• #1 by NY pizzastriver on 18 Aug 2010
  • As I just mentioned in my reply on this thread...,11639.msg107143.html#msg107143

    here is how to make a sauce to be proud of, that people will call the best sauce on a pizza they ever had. I gave some reasons for the recipe there, but to add another I have taken a lot out of this site and it would be great to see the people who have helped me benefit from a better sauce. As I said there so many just never try, or think what the pizza shop does is a good sauce. I'll tell ya once I started making pizza the one thing I can't get by in the shops is the sauce. I've read people who think whole peeped tomatoes are cooked and ready to use. They are blanched for 3 seconds to remove the peel, far from anything close to cooked! The other thing you'll see answered below is the age old q, to season early to let the spices bond, or season at the end for the fresher flavors. The answer is a combo of both for a base and fresh later. Hope you try it, let me know, and never add it warm to a skin!  

    1tbs olive oil, smear around bottom. Med high heat until hot.
    5.5 tbs chopped onion, sauté about 2-3 mins until slightly brown
    Add 2-2.5 tsp, 3 large cloves, fine chopped garlic. Saute’ about 1 minute as it will brown fast.
    Add 35 oz can whole peeled tomatoes (cento is my usual) with basil leaf, remove leaf.
    Add 15 oz can plain tomato sauce. (Hunts is fine)
    Cut tomatoes, then smash with potato smasher, circular motion hard against pan.
    Add 1.5 tsp dry, or 2.5 tsp fresh chopped parsley.
    Add 1 1/4 tsp sugar.

    Slowly bring to boil, reduce to medium heat so boil stays steady. Continually stir and smash. Relax on this though as what is whole and lumpy now will break down.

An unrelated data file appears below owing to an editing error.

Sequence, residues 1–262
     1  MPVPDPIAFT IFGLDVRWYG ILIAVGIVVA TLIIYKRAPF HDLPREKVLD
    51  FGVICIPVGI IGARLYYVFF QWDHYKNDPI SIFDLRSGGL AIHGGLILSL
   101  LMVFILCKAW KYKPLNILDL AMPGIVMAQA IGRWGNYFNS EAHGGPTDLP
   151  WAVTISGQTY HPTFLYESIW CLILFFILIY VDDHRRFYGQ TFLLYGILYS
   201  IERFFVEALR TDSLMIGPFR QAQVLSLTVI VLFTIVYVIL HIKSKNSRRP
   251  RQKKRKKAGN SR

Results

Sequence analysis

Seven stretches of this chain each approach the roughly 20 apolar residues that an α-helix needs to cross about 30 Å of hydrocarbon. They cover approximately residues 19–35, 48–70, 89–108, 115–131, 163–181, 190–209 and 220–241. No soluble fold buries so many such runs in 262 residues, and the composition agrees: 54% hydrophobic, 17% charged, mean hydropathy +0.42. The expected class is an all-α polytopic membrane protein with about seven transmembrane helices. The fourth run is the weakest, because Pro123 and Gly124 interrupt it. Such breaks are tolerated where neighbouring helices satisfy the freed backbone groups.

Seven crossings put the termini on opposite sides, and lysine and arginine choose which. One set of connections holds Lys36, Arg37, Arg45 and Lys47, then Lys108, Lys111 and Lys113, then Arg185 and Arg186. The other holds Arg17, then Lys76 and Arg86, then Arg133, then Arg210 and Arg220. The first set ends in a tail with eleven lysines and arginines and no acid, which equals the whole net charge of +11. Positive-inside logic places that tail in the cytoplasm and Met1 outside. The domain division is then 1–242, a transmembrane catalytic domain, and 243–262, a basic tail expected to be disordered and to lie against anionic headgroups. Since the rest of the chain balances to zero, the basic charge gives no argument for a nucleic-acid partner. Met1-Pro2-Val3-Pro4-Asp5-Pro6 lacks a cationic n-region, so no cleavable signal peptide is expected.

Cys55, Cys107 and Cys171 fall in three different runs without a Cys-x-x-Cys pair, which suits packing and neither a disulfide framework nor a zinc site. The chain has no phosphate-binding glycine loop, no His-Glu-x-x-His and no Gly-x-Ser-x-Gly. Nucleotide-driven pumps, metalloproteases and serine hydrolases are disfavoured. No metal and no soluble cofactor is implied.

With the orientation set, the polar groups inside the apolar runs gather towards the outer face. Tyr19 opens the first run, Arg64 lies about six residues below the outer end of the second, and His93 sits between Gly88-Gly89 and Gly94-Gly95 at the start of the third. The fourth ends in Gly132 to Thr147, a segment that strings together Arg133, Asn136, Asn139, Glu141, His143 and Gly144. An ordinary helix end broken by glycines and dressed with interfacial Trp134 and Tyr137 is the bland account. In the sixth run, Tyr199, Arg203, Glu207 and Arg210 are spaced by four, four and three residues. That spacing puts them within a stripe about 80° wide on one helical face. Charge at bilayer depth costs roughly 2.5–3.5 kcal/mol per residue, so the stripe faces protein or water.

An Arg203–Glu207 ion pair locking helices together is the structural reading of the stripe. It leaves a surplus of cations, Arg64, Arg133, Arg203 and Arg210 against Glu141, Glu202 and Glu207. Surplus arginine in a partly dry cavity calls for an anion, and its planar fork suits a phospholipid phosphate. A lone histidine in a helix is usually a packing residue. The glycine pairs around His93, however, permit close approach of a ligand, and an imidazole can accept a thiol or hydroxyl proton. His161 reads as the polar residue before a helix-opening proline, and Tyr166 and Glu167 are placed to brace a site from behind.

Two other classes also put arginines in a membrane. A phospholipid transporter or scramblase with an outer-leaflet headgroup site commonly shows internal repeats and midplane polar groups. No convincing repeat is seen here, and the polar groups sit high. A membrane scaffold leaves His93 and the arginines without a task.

Boil uncovered 5-6 mins. If reduction is too rapid 1/2 cover with lid, but remember there's a lot of water to rid in this period.
    Continue to boil 5 more mins. If you have 1/2 covered 5 mins ago remove uncover for 1 minute for final reduction. When it smells more like cooked tomatoes, not tomato soup, lower heat. Total boil time 12-15 mins.

    Chop and add 3 large basil leaves, ½ tsp, or 1 tsp dry.
    Add another ¾ tsp dry parsley or 1 ½ tsp fresh chopped.
    Add the following all at once
    ½ tsp garlic powder.
    1tsp dry or 2 tsp fresh chopped oregano.
    2 shakes Italian seasoning.  
    1 shake thyme
    2 shakes dry red pepper.
    6 shakes black pepper.
    2 shakes salt.
    2 tsp red wine, pinot noir is nice.
    ½ tsp parmesan/ or Romano cheese. (or combo of 2)

    Cover and simmer on low heat 1.5- 2 hrs. Just a couple bubbles should be coming up within 20 minutes. If sauce gets too thin for your liking uncover, you have complete control over thickness during this 2 hr period.
    Before serving or, removing from heat for later use, add another ¼ tsp oregano and a pinch of fresh basil.  Manja!
  • #2 by onemsmom on 18 Aug 2010
  • Thanks for posting this!  I've already printed it & will give it a whirl on my next pies.

  • #3 by NY pizzastriver on 18 Aug 2010
  • No problem, and do! I just fixed and UNcover typo in bold above, note that. Also I will add if you can use fresh parsley, oregano and basil do! I grow mine, gardens and great sauce go hand in hand.
  • #4 by Essen1 on 18 Aug 2010